I admit to a fondness for American machinery, (I have two full-size American cars), mainly as these were the first model cars to be be made in the larger scales of 1:24 and 1:25. Plus these are the dominent scales for my
particular interest in 'Star Cars' - transportation as used in film and television programmes.
The latter were compiled into a six-part series for the short-lived magazine, Collecting Scale Models, in 1990, though a comprehensive book is now being worked on!

Left: Nick's Drive In , one of Revell's card dioramas, with a modified AMT '57 Chevy foreground,

Right: Tamiya's Toyota BB in Hot Rod mode

Left: two verisons of the AMT Dodge Deora, the yellow/gold is the original, the red the Vantasy conversion

Right: Alexander's Drag Time conversion, from the Deora, with an IMC Dodge A100 as the tow vehicle

Left: show verison of the AMT '50 Ford, with Carson top, large toy bear, and trophies

Right: the rare AMT Flame Out show rod. The kit has
recently been reissued

Left: AMT's Li'l Stogie stage coach, with suitable figures. The rattlesnake blends in!

Right: AMT's Li'l Gypsy Wagon - recently reissued - in a suitable forest setting (If three pine trees can be considered 'a forest'?)

Left: a conversion of AMT's annual 1966 Thunderbird into the car as driven by Thelma & Louise

Right: AMT Beach Buggy as driven by Elvis in the movie Live a Little, Love a Little

Left: AMT's Munsters' modes of transport, with their builder and drivers

Right: though maybe what Herman would prefer to drive, a Chevy Monster Truck in Munster markings?

Same Bat Time, Same Bat Channel

Left: the first 1:25 scale injection styrene kit of the original TV George Barris Batmobile. This from Polar Lights

Right: and the Tumbler, from
Moebius Models

Left: the origins of the TV Batmobile, the Lincoln Futura, from Revell.

Right: five TV and movie Batmobiles
top: Moebius' Tumbler and Polar Lights' Barris
bottom: movies in order - left AMT, centre and right, Revell

Left: An AMT 1970 Chevy Nova, possible an odd choice for the Beverley Hills Cop?

Right: "Who you gonna call?" Mr Stay Puft welcomes the Ghostbusters

Left: The seventies lives! With IMC's Frisco Sleeper and some Britain's flowers


Right: Jimmy Flintstone's modified 1964 Lincoln Continental into the Deathmobile from Animal House

Left : Jo-Han's 1959 Rambler station wagon in surfing mode

Right: Jo-Han's Chrysler Turbine Car in stock bronze, with the white version as used in the movie, The Lively Set

Left: The 'car' from Lost in Space, the Space Chariot from Moebius Models

Right: Monogram's Blue Beetle '29 Ford pickup resurrected (Now as the 'Blue Bandito', but we all know what it is!)

Left: MPC's L.A.Dart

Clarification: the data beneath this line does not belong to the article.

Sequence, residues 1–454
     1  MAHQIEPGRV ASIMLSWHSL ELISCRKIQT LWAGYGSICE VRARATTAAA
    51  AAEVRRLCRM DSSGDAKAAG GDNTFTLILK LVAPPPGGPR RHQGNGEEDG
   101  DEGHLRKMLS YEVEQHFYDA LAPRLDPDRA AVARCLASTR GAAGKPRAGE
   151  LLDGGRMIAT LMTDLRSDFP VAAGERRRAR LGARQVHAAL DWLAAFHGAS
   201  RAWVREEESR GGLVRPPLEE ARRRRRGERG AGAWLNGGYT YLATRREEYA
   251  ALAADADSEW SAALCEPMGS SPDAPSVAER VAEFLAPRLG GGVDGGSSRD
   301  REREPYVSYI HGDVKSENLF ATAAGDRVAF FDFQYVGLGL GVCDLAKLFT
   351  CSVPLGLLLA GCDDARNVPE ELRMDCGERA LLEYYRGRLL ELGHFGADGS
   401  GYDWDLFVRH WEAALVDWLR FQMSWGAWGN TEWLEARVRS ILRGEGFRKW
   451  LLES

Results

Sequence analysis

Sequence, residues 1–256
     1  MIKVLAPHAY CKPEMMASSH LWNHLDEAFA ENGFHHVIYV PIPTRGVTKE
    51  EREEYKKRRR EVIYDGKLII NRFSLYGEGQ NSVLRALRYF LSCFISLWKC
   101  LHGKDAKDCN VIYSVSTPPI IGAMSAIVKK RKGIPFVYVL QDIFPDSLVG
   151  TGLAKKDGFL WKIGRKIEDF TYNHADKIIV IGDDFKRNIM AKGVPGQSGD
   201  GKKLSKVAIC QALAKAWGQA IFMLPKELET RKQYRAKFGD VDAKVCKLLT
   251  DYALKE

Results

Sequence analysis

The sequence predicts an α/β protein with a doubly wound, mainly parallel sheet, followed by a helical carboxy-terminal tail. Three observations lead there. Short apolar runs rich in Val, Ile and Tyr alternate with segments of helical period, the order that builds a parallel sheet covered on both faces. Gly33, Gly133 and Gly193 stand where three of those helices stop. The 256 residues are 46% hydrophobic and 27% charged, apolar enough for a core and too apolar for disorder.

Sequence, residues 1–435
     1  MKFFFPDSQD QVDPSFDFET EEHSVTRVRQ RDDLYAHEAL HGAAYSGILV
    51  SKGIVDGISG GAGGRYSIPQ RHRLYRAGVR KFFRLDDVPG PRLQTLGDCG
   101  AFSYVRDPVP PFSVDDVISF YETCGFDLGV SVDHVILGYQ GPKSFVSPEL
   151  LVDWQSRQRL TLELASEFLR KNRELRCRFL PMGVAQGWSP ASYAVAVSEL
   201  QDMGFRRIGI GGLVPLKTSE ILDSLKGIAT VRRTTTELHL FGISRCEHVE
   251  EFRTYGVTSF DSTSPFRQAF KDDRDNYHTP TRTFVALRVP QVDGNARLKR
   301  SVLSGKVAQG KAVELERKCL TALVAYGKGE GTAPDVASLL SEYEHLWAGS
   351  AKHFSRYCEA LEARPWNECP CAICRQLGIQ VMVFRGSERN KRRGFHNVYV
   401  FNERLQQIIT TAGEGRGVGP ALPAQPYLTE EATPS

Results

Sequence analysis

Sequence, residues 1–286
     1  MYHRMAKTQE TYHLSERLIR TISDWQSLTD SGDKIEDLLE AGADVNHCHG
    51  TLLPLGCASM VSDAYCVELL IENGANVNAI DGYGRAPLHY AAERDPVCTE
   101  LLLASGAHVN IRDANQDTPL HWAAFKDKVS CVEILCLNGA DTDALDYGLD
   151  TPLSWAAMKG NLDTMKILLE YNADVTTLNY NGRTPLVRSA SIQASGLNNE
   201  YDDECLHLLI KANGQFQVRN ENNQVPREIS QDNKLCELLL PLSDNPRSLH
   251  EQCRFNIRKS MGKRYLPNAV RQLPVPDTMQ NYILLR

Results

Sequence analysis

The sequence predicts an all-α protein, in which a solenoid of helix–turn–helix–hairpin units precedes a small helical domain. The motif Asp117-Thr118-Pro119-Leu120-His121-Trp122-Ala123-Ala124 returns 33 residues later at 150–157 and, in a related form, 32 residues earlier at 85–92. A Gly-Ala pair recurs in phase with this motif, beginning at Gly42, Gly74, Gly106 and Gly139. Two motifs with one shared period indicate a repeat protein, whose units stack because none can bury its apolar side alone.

Right: MPC's 'Ohio' George Montgomery's Malco Gasser

Left: Modified 1963 Pontiac Catalina, used by NASA to tow the M1-F1 Lifting Body

Right:: Testors Dodge Charger, with markings for the TR-1 chase car


Left: Uncle Martin's personal transport from My Favorite Martian, by Pegasus Hobbies

Right: Revell's new version of the classic VW Microbus

Left: Revell's Drag Boats in two versions

Right: As Comic Book Guy would say "Worst movie ever", Plan 9 from Outer Space managed to use at least three different versions of the 'same' police car in one sequence - this Revell '57 Ford may have been one of them.

Left: Revell's H2 Hummer as the CSI Miami transport for Horatio Caine

Right: Revell's Amazin' Moon Mixer (back) meets the similarly-based Guber Wagon

Left: Transportation for a certain Chief Inspector from Oxford - Morse's Mk II Jaguar. This is not the Tamiya kit, but the Small Wheels, as it has the correct steel wheels.

Right: Testors' Supervan, built by George Barris for the movie of the same name.

Rat Roadster

Rat Rods Rule

Left: Revell's David Stacy's creation - and, yes, you get the guitar

Right: A scratchbuilt Rat Rod using the MPC '32 Chevy van body and the twin blown Chrysler engine from the AMT '53 Studebaker kit

Rat Rod


A tribute to Ed "Big Daddy" Roth

Ed Roth was the creator of the wildest of all custom cars, although he was actually an artist first and foremost and built the cars initially to purely show off his handiwork. He's also the creator of the famous rodent, Rat Fink. Many of his car designs were made as kits by Revell, most shown direct above, including the Outlaw (top left) and his personal transport, a '57 Chevy (bottom right) He also built the Surfite, (top right), which has an odd British connection - it was built on the running gear of a very early Austin Mini Cooper that Roth had found in a breakers yard! The Surfite has oft been rumoured to have appeared in the surfing movie Beach Blanket Bingo. Actually it does - but only if you view the original widescreen version. This is because it is almost off the screen, in an all too brief appearance in the distance on the far left, as part of the scene at the airfield. Ed Roth himself, (top centre), photographed on the Revell-Monogram stand at the 1996 National Model and Hobby Show in Chicago, behind the full-size Beatnik Bandit 2.

He continues to inspire other car builders, such as Fritz Schenck and his Roswell Rod, kitted in resin and shown, bottom left, in a suitable 'Roswell ' setting